Life and death form a never-ending circle, with “death” actually somewhat of a misnomer. A more correct term would be “transformation”, as one form of life is transformed into other forms of life. The American Indians understood this, as did our own (Western) ancestors before they became so “advanced”; eastern religions and philosophies understand this even today. The death of a beautiful animal is a sad thing, no doubt. But it is just the way things work, and a cause for celebration as well as lamentation.

HYPOCRICY: A great deal of hypocrisy, usually unintended and unrecognized, is associated with those who chastise hunters for killing Nature’s beautiful animals. For example, one might ask: WHY

  • is it terrible for hunters to kill those beautiful animals in the wild, but it’s OK for us to confine domestic animals under miserable conditions? Is it just their destiny?
  • it’s terrible for hunters to cut up and eat the animals they’ve “harvested”, but fine to go down to the supermarket to buy meat for dinner? Is that because supermarket meat doesn’t really represent an animal, it’s just hamburger or steak or bacon, all neatly wrapped up in plastic by someone else?
  • it’s wrong to abuse Nature by taking game animals, but acceptable to destroy the habitat that supports wildlife as we continually extend our suburbs? Is it acceptable to kill wild animals, as long as we do it indirectly?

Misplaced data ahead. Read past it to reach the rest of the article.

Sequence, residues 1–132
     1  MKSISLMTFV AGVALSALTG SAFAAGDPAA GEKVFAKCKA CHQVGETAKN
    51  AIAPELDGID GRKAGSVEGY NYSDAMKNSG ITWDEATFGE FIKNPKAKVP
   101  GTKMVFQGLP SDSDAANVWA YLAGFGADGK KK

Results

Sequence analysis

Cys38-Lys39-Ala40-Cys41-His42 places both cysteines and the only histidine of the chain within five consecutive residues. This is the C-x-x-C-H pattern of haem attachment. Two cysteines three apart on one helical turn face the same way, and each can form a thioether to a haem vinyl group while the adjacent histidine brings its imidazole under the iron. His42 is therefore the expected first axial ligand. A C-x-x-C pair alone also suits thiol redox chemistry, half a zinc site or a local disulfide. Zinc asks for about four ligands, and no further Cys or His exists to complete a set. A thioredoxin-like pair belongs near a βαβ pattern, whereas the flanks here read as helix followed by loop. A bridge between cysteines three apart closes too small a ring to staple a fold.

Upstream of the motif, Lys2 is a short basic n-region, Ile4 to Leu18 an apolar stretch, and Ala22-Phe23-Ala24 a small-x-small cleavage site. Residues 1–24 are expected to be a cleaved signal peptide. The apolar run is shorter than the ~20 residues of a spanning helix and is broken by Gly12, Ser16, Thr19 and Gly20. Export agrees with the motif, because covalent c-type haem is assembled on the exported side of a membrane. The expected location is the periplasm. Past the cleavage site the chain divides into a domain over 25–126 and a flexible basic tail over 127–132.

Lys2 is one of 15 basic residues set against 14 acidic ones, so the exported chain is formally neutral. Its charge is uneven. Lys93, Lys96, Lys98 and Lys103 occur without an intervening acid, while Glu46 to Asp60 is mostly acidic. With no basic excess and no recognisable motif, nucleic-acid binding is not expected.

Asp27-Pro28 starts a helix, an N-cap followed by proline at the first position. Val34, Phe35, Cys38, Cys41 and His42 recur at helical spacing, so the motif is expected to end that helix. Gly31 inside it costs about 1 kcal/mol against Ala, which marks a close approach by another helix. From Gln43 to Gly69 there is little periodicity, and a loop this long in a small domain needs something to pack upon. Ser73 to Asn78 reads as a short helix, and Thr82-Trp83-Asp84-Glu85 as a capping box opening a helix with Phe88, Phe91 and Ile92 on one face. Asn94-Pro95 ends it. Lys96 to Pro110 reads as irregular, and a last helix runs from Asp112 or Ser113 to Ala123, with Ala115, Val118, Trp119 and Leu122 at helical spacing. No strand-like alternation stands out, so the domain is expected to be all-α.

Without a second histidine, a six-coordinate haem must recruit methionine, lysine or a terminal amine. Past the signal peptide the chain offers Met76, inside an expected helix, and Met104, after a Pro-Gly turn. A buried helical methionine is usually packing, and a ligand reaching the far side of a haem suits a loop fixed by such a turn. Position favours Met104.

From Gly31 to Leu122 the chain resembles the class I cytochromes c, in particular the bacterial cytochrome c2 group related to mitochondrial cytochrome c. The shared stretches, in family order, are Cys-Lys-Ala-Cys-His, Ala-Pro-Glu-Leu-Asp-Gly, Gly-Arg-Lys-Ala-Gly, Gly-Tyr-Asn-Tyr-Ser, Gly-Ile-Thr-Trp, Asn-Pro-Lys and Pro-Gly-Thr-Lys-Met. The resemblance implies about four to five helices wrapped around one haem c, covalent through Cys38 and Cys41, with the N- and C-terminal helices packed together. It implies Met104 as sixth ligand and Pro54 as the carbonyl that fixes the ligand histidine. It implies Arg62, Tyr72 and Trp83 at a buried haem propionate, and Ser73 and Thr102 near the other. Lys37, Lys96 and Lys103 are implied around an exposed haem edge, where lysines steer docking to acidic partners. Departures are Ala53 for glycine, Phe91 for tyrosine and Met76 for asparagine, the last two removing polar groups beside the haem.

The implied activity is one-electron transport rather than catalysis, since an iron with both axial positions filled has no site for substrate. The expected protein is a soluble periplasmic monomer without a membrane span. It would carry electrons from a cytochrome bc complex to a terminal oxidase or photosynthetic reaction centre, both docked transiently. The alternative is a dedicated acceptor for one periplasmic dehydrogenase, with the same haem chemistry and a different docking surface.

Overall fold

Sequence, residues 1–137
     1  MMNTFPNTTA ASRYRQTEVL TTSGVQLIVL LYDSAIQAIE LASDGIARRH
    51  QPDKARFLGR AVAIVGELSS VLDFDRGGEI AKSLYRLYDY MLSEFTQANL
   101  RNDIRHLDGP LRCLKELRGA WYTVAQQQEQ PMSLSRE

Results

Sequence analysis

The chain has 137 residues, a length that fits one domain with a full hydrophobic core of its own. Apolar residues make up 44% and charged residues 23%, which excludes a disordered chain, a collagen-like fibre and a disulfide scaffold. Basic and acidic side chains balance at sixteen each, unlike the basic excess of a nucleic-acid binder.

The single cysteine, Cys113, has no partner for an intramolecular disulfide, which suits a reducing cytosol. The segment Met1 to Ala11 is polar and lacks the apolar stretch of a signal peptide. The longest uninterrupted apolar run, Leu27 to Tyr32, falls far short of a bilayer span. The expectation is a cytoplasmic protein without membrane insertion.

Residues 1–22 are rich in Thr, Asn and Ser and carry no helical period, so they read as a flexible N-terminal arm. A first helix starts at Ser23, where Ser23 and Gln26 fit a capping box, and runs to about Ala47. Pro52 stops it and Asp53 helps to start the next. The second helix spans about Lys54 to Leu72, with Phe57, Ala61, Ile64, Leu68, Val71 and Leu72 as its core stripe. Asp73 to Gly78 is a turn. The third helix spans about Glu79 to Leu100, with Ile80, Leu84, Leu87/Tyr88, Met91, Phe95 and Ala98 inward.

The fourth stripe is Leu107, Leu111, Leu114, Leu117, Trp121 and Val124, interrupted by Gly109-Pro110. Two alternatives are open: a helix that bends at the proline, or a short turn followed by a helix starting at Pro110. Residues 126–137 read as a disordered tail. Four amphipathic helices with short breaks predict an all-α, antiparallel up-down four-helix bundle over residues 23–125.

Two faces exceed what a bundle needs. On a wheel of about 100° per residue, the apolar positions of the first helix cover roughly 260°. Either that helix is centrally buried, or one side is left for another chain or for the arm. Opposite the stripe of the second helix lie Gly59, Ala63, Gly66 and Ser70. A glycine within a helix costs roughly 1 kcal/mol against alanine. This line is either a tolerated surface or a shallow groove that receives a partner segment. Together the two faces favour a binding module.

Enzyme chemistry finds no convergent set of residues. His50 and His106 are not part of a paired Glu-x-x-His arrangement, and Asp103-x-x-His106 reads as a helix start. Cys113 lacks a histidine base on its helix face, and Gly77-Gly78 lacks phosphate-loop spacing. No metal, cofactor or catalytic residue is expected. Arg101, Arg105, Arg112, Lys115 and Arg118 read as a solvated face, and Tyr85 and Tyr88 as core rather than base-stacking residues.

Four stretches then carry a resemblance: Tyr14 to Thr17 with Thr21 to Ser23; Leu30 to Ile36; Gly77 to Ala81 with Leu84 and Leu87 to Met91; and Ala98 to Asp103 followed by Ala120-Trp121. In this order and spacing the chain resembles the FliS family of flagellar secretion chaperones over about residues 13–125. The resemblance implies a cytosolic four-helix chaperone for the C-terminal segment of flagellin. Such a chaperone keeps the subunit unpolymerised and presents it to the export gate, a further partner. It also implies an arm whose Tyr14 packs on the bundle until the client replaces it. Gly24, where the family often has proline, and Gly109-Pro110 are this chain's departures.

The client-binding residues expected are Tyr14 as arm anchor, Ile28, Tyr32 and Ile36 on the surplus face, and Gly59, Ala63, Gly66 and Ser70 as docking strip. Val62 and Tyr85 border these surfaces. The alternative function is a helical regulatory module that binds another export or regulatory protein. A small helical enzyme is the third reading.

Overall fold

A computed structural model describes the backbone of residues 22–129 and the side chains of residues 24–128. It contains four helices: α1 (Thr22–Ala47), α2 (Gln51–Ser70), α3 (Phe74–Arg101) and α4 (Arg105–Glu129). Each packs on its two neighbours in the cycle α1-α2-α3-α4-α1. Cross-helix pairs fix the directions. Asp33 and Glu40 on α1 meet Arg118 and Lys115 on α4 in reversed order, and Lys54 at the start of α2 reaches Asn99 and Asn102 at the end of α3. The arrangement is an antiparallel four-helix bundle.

• is it wrong to kill beautiful doe-eyed animals, but OK to eat goofy-looking chicken or cold, scaly fish? Is “cuteness” a legitimate factor for deciding what we may kill?
  • hunting is barbaric, but fishing is a noble sport? Could it be that fish feel no pain? Then there’s the related hypocrisy: why is it bad to eat the fish we catch, but catch and release fishing is a good thing? Is it OK to cause fish pain just for fun, but not for something as base as putting food on the table?
  • American Indian lifestyles were a model of harmony with Nature, and their hunting activities were righteous, but this doesn’t apply to whites who try to emulate their philosophy and actions today?
  • since vegans don’t kill animals, they’re superior to those who do? Why is it OK to exploit Nature’s plants, but not her animals?